freeline-29 - Page 154



Brogborough 2007
safe in the net, got my rig back on the
spot and ran round to Kev who was in
the Pads swim. We weighed the carp,
took the pics, and just as I put it back,
I got another run. Kev shouted, “Hit it”
and after a ten-minute battle I had a
hook pull on what looked like a mid20. Gutted, but still ecstatic about the
big common I’d had.
Five months later I was still carrying on trying to catch one of the bigger residents. I felt open water was
the way forward coming up to
autumn, but nothing… strange…
although I did have a PB 18lb bream
from a clay hump of 7ft in 15ft of
water at 30 yards range over 5kg of
boilie.
So after nailing another unknown
30lb carp from a new water, I headed
straight to Longreach again, another
unknown water really at over 50
acres. It’s very long and oblong
shaped, again with a low stock of 30
carp. I was told by Terry who ran the
local tackle shop back then that
there’s a surprise or two in there,
Marc. “Well that’ll do for me, Terry,” I
said, as my target was a 30lb carp.
There were speed boats on there
from 7am some mornings to 6pm at
night, so everything I started to get
established on close-in shelves was
getting washed up – a nightmare. I’d
fish open water on the many gravel
bars and spod particle and boilie on
them but got plagued with bream. I
was walking and watching, climbing
trees and trying to get something
going regarding spots. There were a
few more anglers on here at the time
than Scout lake and rumour of a 50lb
mirror! So again it was hard work
driving down to an unknown water
on a Friday night after a hard week on
Great to see em go back home!
72 FREE LINE
a driveway or on a roof, as I was in the
building trade as a family business
and doing the paperwork too.
The same tactics as Scout Lake
weren’t working at all. There were
massive beds of bloodworm, but I
never got a pick-up off them. Again it
had me thinking and ringing those
changes, but having to wait till 7pm
before I could present my two baited
rigs on clear spots under snags etc
just for 12 hours, as the speed boats
were back on causing mayhem, but I
had to deal with it. One day I walked
out with my chesties on up to my
waist and stood there. It was a patrol
route and it felt pukka, so I just played
the waiting game to see if they really
did patrol this margin, and more
importantly, what time of the day! At
3pm, with boats still going around
and water skiers falling off etc, it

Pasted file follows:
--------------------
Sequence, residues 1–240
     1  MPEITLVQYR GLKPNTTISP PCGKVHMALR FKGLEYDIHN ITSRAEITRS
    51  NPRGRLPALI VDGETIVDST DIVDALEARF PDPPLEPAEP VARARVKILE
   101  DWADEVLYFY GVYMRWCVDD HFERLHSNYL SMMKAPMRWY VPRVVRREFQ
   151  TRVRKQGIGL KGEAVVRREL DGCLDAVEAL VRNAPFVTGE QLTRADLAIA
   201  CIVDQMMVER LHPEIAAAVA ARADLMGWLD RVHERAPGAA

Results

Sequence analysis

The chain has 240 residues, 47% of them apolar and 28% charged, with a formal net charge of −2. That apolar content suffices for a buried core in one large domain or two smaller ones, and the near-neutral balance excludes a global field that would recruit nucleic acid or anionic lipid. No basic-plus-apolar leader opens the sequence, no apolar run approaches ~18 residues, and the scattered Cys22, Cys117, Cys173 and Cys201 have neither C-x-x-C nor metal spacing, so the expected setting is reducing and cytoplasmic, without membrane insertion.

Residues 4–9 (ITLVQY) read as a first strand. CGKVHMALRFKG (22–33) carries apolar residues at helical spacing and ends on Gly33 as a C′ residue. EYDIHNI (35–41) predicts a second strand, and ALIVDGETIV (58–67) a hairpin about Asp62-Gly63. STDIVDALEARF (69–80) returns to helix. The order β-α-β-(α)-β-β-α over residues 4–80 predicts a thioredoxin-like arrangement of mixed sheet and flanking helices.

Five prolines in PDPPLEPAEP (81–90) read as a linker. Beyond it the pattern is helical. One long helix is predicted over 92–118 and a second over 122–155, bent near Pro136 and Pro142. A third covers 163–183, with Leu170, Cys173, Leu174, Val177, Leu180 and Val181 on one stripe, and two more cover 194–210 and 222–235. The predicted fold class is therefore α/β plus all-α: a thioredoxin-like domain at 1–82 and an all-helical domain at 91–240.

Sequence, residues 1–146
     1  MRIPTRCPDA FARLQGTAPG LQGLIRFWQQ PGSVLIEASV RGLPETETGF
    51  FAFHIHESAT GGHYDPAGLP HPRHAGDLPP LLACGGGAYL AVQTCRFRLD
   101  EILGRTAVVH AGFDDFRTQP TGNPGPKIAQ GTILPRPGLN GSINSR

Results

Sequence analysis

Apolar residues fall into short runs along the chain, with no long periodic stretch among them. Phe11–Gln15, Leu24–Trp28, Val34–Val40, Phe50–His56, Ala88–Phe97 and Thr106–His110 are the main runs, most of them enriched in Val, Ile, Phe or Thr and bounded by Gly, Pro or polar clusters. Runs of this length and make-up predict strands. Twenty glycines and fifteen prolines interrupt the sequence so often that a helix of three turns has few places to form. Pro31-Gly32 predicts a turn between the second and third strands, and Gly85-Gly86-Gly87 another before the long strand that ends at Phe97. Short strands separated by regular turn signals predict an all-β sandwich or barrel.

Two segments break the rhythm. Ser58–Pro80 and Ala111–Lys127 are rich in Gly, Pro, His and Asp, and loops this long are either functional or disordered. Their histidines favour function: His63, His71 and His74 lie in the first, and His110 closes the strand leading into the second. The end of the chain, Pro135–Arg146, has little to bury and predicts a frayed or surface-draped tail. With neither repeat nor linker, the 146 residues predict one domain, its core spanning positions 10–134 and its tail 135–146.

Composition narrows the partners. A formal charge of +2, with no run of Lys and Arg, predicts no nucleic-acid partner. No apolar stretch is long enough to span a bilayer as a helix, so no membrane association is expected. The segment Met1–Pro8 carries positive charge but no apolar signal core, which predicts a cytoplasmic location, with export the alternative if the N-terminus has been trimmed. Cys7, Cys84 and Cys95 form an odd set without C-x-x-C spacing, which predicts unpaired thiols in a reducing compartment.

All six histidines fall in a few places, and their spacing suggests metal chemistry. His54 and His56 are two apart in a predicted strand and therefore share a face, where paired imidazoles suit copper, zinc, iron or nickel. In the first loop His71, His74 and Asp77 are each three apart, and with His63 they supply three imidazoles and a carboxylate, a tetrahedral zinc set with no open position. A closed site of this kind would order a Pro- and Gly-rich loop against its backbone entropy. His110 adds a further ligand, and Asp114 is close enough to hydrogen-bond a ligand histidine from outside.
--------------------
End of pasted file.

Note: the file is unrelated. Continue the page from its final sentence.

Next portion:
didn’t put the carp off as three great
looking commons came right over my
feet. Amazing to watch and I didn’t
spook them at all. My heart stopped,
but I had the biggest smile on my face
as location is everything on these
kinds of waters. I’d rather be 12 hours
in the right place than 12 days in the
wrong place.
I waited until 7pm again and
placed some crushed tiger, hemp and
maple peas onto a spot on the edge of
the Canadian pondweed and slackened right off with the rod tips well
back on the bank again. Everything
just had to be right, but the following
morning – nothing! I wondered if they
had done a whole circuit and would
be coming back from the right again,
so I did the same again, but this time
left some bait to stop them in their
tracks! The same carp, but only two
this time, came swimming by a little
later, but around the same time. One
stopped and waved its pecs over the
bait, trying to waft it up. The water
was gin clear and I could see everything, but it moved on – it had sussed
something.
As I stood there thinking, I looked
to my right and a small mirror was
mouthing underwater snags, munching the zebra mussels and snails on
the tree trunk! Boom – the penny
dropped – these carp, like Scout Lake
carp, were on naturals... So I grabbed
a load of snails and mussels off the
snags and added minamino to them
for a few hours, apart from one. I
drilled a hole in its shell, dried it off
and added a small white dot of Tipex,
as I still had my briefcase with me
from work. This would make my
hookbait stand out, although still
keeping it 100% natural. I threaded a
12mm snail onto my blowback rig; a
rig I’ve used for years and had total
confidence in, and placed it onto the
same spot along with two handfuls of
real mussels and snails, but still with
a little hemp and a few crushed
tigers.
That time came when I was sat
watching the water but excited,
knowing I’d got the trick and just
hoping they would come back. A 30lb
common was my target. The following morning I had a few liners, but I
sat on my hands. I was really slack
lined, but still had three hours of liners. I then watched my bobbin pull
right up to my rod and my spool
began to spin! Fish on... Nerves
kicked in and legs went like jelly, and
after a savage fight I landed a stunning 33lb 8oz common from the
‘Reach! Yes!! Job done!
In eight months I’d hit two very
hard, low-stocked pits and landed
two 30s – my targets accomplished...
I t ’s a g r e a t f e e l i n g c a t c h i n g a n
unknown that’s probably never been
caught, or if it has been, it’s been kept
very quiet, so as you can imagine the
smile on my face was huge.
So from there I headed to Swarkstone for the winter – 75 acres with a
stock of 25 carp – another headbanger. But what I will say is, guys,
never give up – keep your eye on
spots, snags etc, keep spots baited all
day and night, but at the end of the
day, location is everything… and not
just keep it real, but keep it natural.
Until next time, be lucky! n





Powered by


Full screen Click to read
Paperturn flip book
Search
Overview
Download as PDF
Print
Shopping cart
Full screen
Exit full screen